3. I think you’re so right. If the time comes that I really, really want to move home and live a normal, settled life, I think I will find a way to make it work. For now though, i’m happy with this life and my freedom!

  4. I often feel like an outsider too. The more often I make trips home, the easier it is to reconnect but I still feel I drifted away from most friends as my life is so different from theirs.

  5. So true! I am most definitely happy, but we can’t be happy all the time and I guess I wrote this article in one of those down movements where the truth shines through the palm trees! 😉

  6. Hi Derek, thanks for your comment and taking the time to read my post! Yes, I totally know what you mean about meeting new friends on the road – sometimes I do feel bad when I am just not bothered. Especially if I am in a place longterm and they are just passing through for 2 days. 🙂

  7. Those are some flip sides of being a nomads but the other part of it is also amazing. The experiences and journeys that you have managed must have really gotten you wiser 😀

  8. I do travel long term but I come home every year and meet all my friends and I keep in touch with them all the time. I travel with my boyfriend and after 9 years we decided to come home to Czech to have wedding and we after that we’re gonna continue travelling.. So I think it is not true what you said. You can travel even without all theese troubles but you have to consider all of this you said which is good so that all other backpackers can think about it. It is very important. The only think I agree with you is a job. But on the other hand, we are digital nomads and we do online business so as long as we are succesful in a business, we don’t have to worry about a job.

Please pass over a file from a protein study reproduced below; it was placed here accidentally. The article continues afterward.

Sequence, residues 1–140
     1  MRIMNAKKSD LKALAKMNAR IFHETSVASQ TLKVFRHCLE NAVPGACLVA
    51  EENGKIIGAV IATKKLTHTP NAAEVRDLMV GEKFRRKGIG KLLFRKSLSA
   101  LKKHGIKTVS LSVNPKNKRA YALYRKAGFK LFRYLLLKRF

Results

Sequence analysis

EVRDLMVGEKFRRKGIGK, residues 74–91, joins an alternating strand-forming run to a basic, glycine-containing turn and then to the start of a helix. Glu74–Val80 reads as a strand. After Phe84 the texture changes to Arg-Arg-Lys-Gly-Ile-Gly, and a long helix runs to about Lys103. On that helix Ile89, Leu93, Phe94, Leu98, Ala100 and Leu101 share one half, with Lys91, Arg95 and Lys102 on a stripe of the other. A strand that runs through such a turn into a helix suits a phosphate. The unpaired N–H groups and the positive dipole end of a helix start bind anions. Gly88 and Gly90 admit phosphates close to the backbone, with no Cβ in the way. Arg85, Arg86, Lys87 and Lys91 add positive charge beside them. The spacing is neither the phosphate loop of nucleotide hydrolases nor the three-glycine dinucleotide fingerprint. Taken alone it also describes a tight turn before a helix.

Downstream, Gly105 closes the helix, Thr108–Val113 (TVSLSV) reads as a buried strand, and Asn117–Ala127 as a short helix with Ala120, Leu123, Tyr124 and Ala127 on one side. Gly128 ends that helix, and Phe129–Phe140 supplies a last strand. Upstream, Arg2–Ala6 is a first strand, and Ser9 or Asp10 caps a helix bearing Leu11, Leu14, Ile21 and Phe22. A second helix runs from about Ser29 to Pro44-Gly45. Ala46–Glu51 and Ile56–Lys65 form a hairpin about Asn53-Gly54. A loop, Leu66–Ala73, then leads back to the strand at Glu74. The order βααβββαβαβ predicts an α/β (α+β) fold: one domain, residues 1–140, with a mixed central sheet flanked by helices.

9. I can relate to a lot of this; good for you and great to read your story.

    I find that i have been travelling alone for so long that I need to challenge myself not to become too insensitized when it comes to meeting new people. The fact that they come and go so often sucks, it just seems easier not to bother sometimes :0

    Very well written and I especially loved the line about flying in and out of more countries than you have ….

  10. So well written… I too am 30 years old and have spent more than a decade now (that sounds scary long!) moving from country to country, constantly switching jobs and building a new temporary life. I can relate to pretty much everything you are saying. I have no regrets either and feel traveling has given me so much and we truly are fortunate to be able to live this life. But every time I go home I feel like a bit of an outsider and I do wonder as well how I’m ever gonna settle down and build a more “normal” life…